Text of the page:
Special Agent Kevin Crane earned his B.A. in pre-law at Penn State University. Over the years he has worked as an undercover security officer for Bamberger’s Department store; corporate security for I.E DuPont Company; as an U.S. Special Agent with the Defense Investigative Service under the Office of Personnel Management, and assistant special agent in charge of the Wrightstown, NJ Investigative Field Office. Crane is also a member of the Fraternal Order of Police, 1st Federal Lodge in Philadelphia. He is also the author of Access Granted, a book that offers help on gaining clearance for government jobs.
What kind of degree is needed to secure a job in your field?
“I received my B.A. in pre-law from the Pennsylvania State University. To obtain a job in the field of national security/law enforcement, I would recommend criminal justice; pre-law; social science; Spanish. Almost any degree (if your grades were high) can help you with certain police departments. To obtain a degree as a federal agent I would suggest, criminal justice; pre-law; political science; Information Technology; law; languages to include Arabic; Chinese, Spanish, etc.; STEM degrees. Other degrees can work if you have high grades, do well on an entrance if required, etc.”
What’s the most challenging aspects of your job?
“As U.S. Special Agents in my field, we were challenged every day to be highly motivated to work without constant supervision, manage our time well, have a plan to conduct our investigative caseload as efficiently and quickly as possible, conduct a thorough and fair investigation, and manage the stress that came with the job.”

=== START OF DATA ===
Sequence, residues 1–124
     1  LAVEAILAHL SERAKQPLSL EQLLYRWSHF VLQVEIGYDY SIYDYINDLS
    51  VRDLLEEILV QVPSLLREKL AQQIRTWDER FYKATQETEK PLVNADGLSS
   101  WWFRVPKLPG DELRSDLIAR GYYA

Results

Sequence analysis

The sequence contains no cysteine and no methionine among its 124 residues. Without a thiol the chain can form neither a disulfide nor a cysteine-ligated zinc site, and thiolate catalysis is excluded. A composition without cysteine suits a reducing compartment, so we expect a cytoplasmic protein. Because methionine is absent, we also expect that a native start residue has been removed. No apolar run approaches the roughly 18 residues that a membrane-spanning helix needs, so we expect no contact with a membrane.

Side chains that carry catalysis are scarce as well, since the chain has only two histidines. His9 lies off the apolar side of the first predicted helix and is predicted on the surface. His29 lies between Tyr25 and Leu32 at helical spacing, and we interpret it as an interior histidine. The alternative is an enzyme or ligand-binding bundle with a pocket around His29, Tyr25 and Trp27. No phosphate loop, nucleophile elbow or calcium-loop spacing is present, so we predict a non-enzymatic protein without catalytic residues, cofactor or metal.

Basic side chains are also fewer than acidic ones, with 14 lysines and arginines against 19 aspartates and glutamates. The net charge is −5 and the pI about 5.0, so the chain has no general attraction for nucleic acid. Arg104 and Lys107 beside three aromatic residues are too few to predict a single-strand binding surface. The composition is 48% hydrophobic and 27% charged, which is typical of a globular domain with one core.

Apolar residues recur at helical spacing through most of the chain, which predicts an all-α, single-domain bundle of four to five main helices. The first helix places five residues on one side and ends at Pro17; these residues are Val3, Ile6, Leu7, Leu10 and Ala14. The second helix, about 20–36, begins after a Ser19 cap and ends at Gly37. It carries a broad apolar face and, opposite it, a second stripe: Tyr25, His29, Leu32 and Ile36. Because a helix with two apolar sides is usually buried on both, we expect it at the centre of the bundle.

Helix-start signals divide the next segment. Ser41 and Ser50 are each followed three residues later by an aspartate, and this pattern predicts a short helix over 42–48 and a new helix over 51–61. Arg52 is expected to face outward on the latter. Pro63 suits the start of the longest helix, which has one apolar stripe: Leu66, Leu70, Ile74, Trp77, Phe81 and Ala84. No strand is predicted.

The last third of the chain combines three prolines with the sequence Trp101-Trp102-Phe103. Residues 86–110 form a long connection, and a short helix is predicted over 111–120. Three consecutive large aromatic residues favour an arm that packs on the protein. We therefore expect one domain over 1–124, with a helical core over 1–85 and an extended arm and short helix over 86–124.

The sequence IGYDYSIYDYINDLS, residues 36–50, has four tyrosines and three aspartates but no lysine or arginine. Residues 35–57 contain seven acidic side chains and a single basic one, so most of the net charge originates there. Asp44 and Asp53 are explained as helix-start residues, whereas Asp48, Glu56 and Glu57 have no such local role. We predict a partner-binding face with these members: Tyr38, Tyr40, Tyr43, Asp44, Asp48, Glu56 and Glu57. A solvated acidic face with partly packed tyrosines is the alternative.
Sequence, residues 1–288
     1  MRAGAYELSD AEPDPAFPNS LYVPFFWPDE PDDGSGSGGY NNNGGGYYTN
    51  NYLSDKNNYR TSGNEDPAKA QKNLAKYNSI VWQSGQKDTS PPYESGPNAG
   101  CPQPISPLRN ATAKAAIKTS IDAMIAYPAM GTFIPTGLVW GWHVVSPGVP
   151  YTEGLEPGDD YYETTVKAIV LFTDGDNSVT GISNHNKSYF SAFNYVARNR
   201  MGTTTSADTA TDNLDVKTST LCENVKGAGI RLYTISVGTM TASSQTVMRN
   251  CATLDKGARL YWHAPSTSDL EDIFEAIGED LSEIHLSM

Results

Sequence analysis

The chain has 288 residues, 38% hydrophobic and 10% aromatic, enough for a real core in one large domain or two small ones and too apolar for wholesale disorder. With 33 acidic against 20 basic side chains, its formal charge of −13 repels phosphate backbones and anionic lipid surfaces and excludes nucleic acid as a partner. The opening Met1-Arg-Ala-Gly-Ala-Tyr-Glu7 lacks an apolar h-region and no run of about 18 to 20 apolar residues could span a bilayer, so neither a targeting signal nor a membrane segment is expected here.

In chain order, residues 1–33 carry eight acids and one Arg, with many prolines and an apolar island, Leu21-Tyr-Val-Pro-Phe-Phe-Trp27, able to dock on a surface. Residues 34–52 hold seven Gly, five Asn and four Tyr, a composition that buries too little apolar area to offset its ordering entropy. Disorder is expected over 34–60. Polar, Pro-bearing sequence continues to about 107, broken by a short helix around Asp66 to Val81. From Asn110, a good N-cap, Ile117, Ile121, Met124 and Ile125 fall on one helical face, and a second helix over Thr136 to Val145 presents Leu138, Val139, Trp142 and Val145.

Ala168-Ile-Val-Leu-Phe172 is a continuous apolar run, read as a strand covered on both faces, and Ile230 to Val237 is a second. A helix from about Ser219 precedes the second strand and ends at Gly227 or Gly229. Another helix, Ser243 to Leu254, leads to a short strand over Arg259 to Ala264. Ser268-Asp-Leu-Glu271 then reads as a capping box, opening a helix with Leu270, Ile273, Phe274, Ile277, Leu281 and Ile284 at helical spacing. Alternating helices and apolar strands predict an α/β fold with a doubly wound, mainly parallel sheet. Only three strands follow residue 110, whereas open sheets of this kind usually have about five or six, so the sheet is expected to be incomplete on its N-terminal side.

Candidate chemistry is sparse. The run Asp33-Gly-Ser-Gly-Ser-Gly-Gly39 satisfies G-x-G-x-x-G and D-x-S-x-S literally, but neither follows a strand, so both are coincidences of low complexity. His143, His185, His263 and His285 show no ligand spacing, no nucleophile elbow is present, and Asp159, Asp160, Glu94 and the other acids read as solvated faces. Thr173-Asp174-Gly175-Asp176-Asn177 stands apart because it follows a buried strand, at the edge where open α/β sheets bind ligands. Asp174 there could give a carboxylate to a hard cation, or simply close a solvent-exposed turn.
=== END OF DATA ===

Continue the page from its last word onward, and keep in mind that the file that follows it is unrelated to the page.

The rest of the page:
After graduation, how hard was it to transition into the working world?
“It can be very difficult depending on the job you want and how many openings there are. I was able to start a position as an undercover security investigator for a large department store. After a year, I was hired to work corporate security for the Du Pont Company in Wilmington, DE. In another year, I was hired to be a Special Agent at the age of 24. Many students who want to enter this career field never get the opportunity. There is much competition for jobs in the field that tend to go to the most qualified applicants. This would include those with prior military experience (who get additional veteran preference points), those who have some experience in a relevant position, and those who may know somebody with some pull.”
What advice would you give someone who is pursuing a career in criminal justice?
“You must do things to differentiate yourself from your competition. That means getting the best grades possible, some type of relevant experience, cultivate relationships with mentors who can help you, and have a solid resume for this field. These jobs will be filled with those who appear to be the best possible candidate.”
Christina Thompson is a freelance writer living in Philadelphia. She reports on various topics such as: Social Media, Local Events, Entertainment, Food and Drink and more. Her work can be found at http://firstsendmedia.com/